We cannot though ignore the rampaging elephant in the room.  It is an issue which probably did not cost Labour victory, but certainly caused immense damage to the party’s reputation, and even more to that of its leader.  Anti-Semitism.  Is Mr Corbyn anti-Semitic?  Outside his inner circle, nobody can be sure what might lurk in the inner recesses of his mind, but the answer is almost certainly “no”.  Far from it, indeed.  But he is openly pro-Palestinian and does not like the Israeli government.  Those positions are not racialist and are widely held.  Jezza though has gone further than many pro-Palestinians in support of that cause; ideal for one with such affinities with any leftist anti-establishment or revolutionary cause.  In that he has kept dubious company, not always enquired as closely as he might into the nature of those rallies and gatherings he added his presence to, and generally allowed his name to be misused and his reputation to be damaged.  On top of that, he has not dealt with anti-Semites in his party nearly as quickly and as vigorously as he should.  That has been a gift to his political opponents and to the rightist leaning press, one he did not need to give.  It is a puzzle as to why this seeming blind spot developed and mutated into such a damaging issue; especially as we would argue that he is a consummate politician and a man of decent instincts.  When he moved it was far too little, far too late.  We will not further debate it here, but it certainly will be one for future political historians.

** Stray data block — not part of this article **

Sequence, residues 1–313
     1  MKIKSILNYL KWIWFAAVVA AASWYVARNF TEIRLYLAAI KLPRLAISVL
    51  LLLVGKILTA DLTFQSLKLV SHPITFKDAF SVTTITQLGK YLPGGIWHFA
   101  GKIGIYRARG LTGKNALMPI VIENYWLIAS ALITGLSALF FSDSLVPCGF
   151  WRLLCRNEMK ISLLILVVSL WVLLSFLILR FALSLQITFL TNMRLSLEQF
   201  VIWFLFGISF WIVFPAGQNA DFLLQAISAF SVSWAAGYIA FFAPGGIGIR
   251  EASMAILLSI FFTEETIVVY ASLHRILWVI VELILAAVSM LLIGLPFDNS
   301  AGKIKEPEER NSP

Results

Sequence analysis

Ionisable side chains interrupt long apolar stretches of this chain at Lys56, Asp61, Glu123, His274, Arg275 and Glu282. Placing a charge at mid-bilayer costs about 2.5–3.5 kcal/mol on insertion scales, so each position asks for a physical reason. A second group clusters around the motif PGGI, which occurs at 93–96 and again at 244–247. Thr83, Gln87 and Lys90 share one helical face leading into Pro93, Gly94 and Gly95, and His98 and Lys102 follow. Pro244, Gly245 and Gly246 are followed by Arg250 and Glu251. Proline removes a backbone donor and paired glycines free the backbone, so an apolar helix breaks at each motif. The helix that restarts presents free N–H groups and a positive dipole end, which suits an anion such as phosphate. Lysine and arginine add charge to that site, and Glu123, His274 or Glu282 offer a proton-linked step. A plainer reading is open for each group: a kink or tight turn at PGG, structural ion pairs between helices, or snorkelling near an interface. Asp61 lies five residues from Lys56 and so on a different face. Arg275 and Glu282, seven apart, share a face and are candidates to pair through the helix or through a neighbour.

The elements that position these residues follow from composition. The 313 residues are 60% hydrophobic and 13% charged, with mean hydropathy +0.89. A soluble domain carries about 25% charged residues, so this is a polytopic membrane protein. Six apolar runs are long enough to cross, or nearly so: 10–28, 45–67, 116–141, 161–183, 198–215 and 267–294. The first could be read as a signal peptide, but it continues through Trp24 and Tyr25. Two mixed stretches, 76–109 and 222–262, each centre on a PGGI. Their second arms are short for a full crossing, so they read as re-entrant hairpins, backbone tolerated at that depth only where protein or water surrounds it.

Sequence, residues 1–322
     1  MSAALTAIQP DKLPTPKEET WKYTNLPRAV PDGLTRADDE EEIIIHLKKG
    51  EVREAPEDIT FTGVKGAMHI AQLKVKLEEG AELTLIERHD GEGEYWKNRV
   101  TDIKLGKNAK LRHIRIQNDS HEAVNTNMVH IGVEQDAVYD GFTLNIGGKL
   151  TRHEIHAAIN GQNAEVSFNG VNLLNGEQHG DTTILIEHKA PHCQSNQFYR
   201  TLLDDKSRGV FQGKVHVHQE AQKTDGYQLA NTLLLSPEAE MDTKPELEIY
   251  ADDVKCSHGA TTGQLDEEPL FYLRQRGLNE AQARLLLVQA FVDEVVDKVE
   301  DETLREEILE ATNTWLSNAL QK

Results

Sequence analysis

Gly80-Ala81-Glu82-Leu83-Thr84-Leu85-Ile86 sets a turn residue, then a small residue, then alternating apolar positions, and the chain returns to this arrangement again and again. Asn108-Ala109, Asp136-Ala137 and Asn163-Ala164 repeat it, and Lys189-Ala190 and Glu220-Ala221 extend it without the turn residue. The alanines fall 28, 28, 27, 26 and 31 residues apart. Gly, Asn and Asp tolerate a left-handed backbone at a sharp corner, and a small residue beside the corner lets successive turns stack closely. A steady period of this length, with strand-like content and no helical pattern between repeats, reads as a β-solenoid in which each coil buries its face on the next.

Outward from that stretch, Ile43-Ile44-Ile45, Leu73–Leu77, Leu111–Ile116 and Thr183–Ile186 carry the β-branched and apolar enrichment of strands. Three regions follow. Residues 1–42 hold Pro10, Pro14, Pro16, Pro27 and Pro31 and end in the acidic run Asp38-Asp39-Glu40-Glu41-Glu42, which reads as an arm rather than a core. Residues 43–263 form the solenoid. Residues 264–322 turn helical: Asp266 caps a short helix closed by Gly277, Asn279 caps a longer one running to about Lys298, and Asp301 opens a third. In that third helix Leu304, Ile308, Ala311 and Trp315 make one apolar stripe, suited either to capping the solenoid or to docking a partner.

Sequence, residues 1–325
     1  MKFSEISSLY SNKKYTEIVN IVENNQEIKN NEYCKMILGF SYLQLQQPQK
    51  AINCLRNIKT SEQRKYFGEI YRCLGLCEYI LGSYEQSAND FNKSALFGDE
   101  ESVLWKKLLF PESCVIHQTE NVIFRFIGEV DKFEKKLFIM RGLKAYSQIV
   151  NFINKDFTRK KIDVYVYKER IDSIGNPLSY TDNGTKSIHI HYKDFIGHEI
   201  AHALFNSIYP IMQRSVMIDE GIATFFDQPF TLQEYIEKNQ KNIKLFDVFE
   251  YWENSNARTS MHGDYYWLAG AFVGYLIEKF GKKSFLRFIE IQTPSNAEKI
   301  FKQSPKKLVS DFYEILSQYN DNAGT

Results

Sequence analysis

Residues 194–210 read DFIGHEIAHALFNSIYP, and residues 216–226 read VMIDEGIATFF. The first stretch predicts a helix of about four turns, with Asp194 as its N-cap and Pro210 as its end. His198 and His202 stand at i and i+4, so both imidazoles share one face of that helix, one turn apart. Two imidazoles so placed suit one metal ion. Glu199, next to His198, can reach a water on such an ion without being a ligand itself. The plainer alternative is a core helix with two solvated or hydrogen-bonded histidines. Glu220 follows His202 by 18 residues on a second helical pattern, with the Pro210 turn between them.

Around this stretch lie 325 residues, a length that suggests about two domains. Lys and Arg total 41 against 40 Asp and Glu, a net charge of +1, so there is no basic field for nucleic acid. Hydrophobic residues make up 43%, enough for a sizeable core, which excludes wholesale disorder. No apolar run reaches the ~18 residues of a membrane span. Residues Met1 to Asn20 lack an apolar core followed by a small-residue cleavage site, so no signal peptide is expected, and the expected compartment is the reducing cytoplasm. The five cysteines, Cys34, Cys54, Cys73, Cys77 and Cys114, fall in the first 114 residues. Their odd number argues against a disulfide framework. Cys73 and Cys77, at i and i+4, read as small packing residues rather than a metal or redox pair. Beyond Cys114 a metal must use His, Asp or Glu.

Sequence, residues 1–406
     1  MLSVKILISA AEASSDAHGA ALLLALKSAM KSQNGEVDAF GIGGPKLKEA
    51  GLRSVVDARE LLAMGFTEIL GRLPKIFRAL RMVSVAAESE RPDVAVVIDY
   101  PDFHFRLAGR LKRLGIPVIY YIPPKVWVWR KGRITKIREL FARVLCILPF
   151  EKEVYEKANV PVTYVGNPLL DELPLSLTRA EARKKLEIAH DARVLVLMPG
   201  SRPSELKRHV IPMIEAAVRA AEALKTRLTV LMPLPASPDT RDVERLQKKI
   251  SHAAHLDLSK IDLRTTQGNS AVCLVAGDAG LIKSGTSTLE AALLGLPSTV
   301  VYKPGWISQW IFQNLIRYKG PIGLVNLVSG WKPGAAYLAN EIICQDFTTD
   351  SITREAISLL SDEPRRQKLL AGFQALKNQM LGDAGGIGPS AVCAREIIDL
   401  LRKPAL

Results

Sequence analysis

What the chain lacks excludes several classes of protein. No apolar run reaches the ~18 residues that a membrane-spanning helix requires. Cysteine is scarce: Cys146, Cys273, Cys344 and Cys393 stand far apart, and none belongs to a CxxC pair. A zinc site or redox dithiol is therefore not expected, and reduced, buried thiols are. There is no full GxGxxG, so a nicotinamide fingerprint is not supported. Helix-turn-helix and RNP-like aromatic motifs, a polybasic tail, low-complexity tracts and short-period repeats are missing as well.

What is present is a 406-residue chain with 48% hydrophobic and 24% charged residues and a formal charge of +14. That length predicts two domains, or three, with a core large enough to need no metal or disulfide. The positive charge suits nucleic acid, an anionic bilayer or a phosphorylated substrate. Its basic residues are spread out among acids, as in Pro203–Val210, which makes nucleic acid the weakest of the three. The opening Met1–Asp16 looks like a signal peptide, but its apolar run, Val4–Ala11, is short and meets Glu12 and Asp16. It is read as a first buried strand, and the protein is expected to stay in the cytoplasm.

That distracts from, indeed has damaged his greatest achievement.  He has held the Labour Party together in spite of extraordinary stresses from right and left, from Leave and Remain; he has rebuilt it as a mass popular organisation with an enormous membership.  Given how leftist the party hierarchy has become, he has lost surprisingly few M.P’s of the Blairist tendency (though some have been forced out locally).  The Remain/Leave stress in the end could not be overcome at the polls, but he prevented it for four years from blowing up the parliamentary party.  That was quite an achievement.  The Labour Party remains a strong and coherent campaigning force, with a vast membership, in control of the agenda of ideas of British politics.   The history of Labour will show Jeremy as a stronger and more successful leader than the media might currently allow.  Perhaps the membership might add a new bicycle to that leaving gift shovel.